Since 2008, drug prices have been going through the roof: According to the American Association of Retired Persons (AARP), brand-name prescription drugs have doubled and retail prices for prescription medications commonly used by older adults have risen an average of 8.4% just last year. In addition, the cost of necessary prescription medicines for a chronic illness sufferer can average a whopping $13,000 per year. Medicare drug spending has also grown by approximately 9.5% every year over the last decade.
On the campaign trail for the 2016 presidential election, Trump claimed that he wanted to bring drug prices “back down to earth”; however, within the first 12 months of his administration, brand-name drug prices increased 8%, more than four times the rate of inflation and twice the rate of other healthcare-related hikes.
House Democrats Primed to Kick Off Drug Price Reduction Plans
With the aim of producing meaningful drug pricing reductions, experts predict that the new Democrat-led House Oversight Committee will take full advantage of its subpoena power and emphasize high-profile investigations and hearings. Ranking Member of the House Oversight and Government Reform Committee Elijah Cummings (D-MD) has already announced his intention to focus investigations on drug prices among other things.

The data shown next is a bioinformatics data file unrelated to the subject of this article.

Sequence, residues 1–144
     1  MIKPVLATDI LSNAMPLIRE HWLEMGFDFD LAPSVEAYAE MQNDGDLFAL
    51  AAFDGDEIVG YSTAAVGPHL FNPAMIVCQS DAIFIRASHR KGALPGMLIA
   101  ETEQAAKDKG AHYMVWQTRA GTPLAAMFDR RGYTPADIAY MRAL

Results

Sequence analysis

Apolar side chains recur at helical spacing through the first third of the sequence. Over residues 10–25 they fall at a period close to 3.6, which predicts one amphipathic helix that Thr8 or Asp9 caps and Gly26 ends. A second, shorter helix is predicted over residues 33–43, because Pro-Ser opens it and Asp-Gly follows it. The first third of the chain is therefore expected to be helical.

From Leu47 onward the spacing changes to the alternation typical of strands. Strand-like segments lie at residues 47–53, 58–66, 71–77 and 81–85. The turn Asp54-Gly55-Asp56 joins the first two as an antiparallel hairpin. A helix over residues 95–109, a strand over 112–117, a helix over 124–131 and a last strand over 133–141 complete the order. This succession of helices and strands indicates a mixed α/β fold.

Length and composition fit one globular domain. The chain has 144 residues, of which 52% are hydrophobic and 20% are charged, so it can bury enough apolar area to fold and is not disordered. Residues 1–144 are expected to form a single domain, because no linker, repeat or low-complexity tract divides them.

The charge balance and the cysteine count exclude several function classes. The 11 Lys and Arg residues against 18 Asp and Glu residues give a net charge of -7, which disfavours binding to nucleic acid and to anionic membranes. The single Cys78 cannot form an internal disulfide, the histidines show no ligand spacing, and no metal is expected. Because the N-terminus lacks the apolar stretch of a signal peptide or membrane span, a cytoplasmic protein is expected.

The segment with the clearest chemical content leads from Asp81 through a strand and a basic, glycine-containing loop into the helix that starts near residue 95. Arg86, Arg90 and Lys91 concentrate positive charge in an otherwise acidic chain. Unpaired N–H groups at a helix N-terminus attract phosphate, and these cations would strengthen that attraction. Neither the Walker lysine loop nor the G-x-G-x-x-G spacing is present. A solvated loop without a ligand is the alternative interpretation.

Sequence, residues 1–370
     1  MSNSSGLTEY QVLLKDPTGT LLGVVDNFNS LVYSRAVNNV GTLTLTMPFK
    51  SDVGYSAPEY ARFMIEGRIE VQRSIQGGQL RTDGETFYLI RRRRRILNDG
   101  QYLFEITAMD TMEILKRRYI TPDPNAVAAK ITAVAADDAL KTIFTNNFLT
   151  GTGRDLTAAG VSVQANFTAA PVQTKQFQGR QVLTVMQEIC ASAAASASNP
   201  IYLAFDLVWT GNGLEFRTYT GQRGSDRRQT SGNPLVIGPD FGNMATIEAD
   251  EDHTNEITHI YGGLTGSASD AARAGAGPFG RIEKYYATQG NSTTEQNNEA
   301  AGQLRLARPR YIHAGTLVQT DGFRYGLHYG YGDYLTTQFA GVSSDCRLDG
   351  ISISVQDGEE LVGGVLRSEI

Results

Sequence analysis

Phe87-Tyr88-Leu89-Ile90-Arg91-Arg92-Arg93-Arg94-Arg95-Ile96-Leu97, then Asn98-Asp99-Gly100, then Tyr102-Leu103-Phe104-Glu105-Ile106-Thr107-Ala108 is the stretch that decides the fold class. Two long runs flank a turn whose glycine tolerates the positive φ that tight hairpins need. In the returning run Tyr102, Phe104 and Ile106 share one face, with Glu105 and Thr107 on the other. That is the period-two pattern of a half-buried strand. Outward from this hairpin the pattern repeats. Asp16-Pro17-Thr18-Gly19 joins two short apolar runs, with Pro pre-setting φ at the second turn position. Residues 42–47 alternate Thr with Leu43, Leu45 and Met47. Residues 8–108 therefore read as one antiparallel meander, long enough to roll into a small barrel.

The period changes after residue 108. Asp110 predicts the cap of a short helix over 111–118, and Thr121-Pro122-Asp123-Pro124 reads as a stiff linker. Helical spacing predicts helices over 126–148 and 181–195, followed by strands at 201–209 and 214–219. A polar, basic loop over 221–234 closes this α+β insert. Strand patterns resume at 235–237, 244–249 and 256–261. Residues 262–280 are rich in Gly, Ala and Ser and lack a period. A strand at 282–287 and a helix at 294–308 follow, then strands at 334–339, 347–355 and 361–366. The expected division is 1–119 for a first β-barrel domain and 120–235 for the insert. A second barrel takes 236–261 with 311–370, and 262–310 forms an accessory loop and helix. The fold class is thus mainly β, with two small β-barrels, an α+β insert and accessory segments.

Representative Frank Pallone Jr. (D-NJ), who is expected to be the next Chairman of a committee to oversee drug prices has stated that his main goals are to allow Medicare to negotiate drug prices with pharmaceutical companies as well as simplifying the process of approval for more affordable generic drugs. President Trump’s longstanding support for both of those policies suggests that there may finally be hope for a bipartisan deal to regulate drug prices.
The drug pricing reforms are predictably unpopular with the prescription drug industry’s lobbying group, the Pharmaceutical Research and Manufacturers of America (PhRMA). STAT News is particularly descriptive, writing that the Democrats’ proposed “agenda to combat high drug costs could turn 2019 into PhRMA’s doomsday scenario.”
Opportunities for bipartisanship?
The Democrats may receive a little extra help with the retirement of Senator Orrin Hatch (R-UT), a longtime ally and advocate of Big Pharma. Hatch has long been seen as an impediment to any serious efforts to reform drug pricing and a help to drug makers ever-increasing profits. Pharmaceutical companies are preparing themselves for a major threat in January when Hatch’s replacement, Senator Chuck Grassley (R-IA), takes up his new position as head of the Senate Finance Committee. Grassley, on the other hand, has historically taken a more antagonistic approach to Big Pharma and was instrumental in authoring the 2006 law for Medicare D prescription drug benefit.